Take the 2-minute tour ×
Stack Overflow is a question and answer site for professional and enthusiast programmers. It's 100% free, no registration required.

I have created an array as follows

while (defined ($line = `<STDIN>`))

        {
        chomp ($line);
        push @stack,($line);
        }

each line has two numbers.

15 6
2  8

how do iterate over each item in each line?

i.e. I want to print

15
6
2
8

I understand it's something like

foreach (@{stack}) (@stack){

    print "?????
}

This is where I am stuck.

share|improve this question
4  
Don't understand how what you want to print is different from what you've got. Also, those backticks don't look right. –  user181548 Oct 15 '09 at 10:33
1  
Ditto on the backtics. Remove them and use while (my $line = <>). –  Sinan Ünür Oct 15 '09 at 12:07
    
while(my $line=<>) gets automatically converted to while(defined(my $line=<>)) –  Brad Gilbert Oct 16 '09 at 19:28

5 Answers 5

up vote 10 down vote accepted

See the perldsc documentation. That's the Perl Data Structures Cookbook, which has examples for dealing with arrays of arrays. From what you're doing though, it doesn't look like you need an array of arrays.

For your problem of taking two numbers per line and outputting one number per line, just turn the whitespace into newlines:

 while( <> ) {
     s/\s+/\n/; # turn all whitespace runs into newlines
     print;     # it's ready to print
     }

With Perl 5.10, you can use the new \h character class that matches only horizontal whitespace:

 while( <> ) {
     s/\h+/\n/; # turn all horizontal whitespace runs into newlines
     print;     # it's ready to print
     }

As a Perl one-liner, that's just:

 % perl -pe 's/\h+/\n/' file.txt
share|improve this answer
#!/usr/bin/perl

use strict;
use warnings;

while ( my $data = <DATA> ) {
    my @values = split ' ', $data;
    print $_, "\n" for @values;
}


__DATA__
15 6
2  8

Output:

C:\Temp> h
15
6
2
8

Alternatively, if you want to store each line in @stack and print out later:

my @stack = map { [ split ] } grep { chomp; length } <DATA>;

The line above slurps everything coming from the DATA filehandle into a list of lines (because <DATA> happens in list context). The grep chomps each line and filters by length after chomping (to avoid getting any trailing empty lines in the data file -- you can avoid it if there are none). The map then splits each line along spaces, and then creates an anonymous array reference for each line. Finally, such array references are stored in each element of @stack. You might want to use Data::Dumper to look at @stack to understand what's going on.

print join("\n", @$_), "\n" for @stack;

Now, we look over each entry in stack, dereferencing each array in turn, then joining the elements of each array with newlines to print one element per line.

Output:

C:\Temp> h
15
6
2
8

The long way of writing essentially the same thing (with less memory consumption) would be:

my @stack;

while ( my $line = <DATA> ) {
    last unless $line =~ /\S/;
    my @values = split ' ', $line;
    push @stack, \@values;
}

for my $ref ( @stack ) {
    print join("\n", @$ref), "\n";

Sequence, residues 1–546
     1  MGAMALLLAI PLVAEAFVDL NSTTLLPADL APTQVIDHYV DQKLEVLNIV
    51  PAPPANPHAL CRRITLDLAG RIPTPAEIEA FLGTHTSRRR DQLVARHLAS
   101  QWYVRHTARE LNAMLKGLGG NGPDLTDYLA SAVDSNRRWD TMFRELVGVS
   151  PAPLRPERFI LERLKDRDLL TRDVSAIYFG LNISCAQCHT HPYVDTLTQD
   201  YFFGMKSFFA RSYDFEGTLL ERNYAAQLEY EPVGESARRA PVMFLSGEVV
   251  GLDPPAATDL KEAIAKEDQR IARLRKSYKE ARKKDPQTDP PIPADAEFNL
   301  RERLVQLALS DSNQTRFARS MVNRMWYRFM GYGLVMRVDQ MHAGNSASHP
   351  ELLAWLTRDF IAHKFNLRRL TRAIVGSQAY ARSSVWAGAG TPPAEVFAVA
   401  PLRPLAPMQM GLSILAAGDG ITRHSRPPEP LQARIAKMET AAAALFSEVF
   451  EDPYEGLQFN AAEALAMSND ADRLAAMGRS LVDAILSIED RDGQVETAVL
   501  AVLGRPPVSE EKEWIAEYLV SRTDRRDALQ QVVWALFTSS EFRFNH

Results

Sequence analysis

}

Finally, if you wanted do something other than printing all values, say, sum all the numbers, you should store one value per element of @stack:

use List::Util qw( sum );

my @stack;

while ( my $line = <DATA> ) {
    last unless $line =~ /\S/;
    my @values = split ' ', $line;
    push @stack, @values;
}

printf "The sum is %d\n", sum @stack;
share|improve this answer
#!/usr/bin/perl

while ($line = <STDIN>) {
    chomp ($line);
    push @stack, $line;
}

# prints each line
foreach $line (@stack) {
    print "$line\n";
}

# splits each line into items using ' ' as separator
# and prints the items
foreach $line (@stack) {
    @items = split / /, $line;

    foreach $item (@items) {
        print $item . "\n";
    }
}
share|improve this answer
    
Does the final 'for' need to be 'foreach' also? –  dave Oct 15 '09 at 10:49
    
Foreach would have been more easy to understand for sure, from perldoc perlsyn: > The "foreach" keyword is actually a synonym for the "for" keyword, so you can use "foreach" for readability or "for" for brevity. –  RC. Oct 15 '09 at 11:18
1  
foreach and for behave identically. Many perlers prefer to use for exclusively. –  hobbs Oct 15 '09 at 11:19
1  
I used to be a big fan of foreach. Now I have forgotten that it even exists. (Or maybe I've just "for" that it even exists...) –  jrockway Oct 15 '09 at 11:23
2  
How to do what? You're code is just what I did, with just a lot more work. No one has even shown a single reference in any code yet. –  brian d foy Oct 15 '09 at 11:55

I use 'for' for "C" style loops, and 'foreach' for iterating over lists.

share|improve this answer
    
There is no need to make such an artificial distinction between the two. –  Sinan Ünür Oct 15 '09 at 12:08
    
There is no need, but that's what I do too. It's just syntactic sugar. –  Ether Oct 15 '09 at 16:58
    
I use for for both. C style loops will be written with loop in Perl6, and foreach will get renamed to for –  Brad Gilbert Oct 16 '09 at 19:30
#!/usr/bin/perl

use strict;
use warnings;
open IN, "< read.txt" or
    die "Can't read in 'read.txt'!";

my $content = join '', <IN>;

while ($content =~ m`(\d+)`g) {
    print "$1\n";
}
share|improve this answer

Your Answer

 
discard

By posting your answer, you agree to the privacy policy and terms of service.

Not the answer you're looking for? Browse other questions tagged or ask your own question.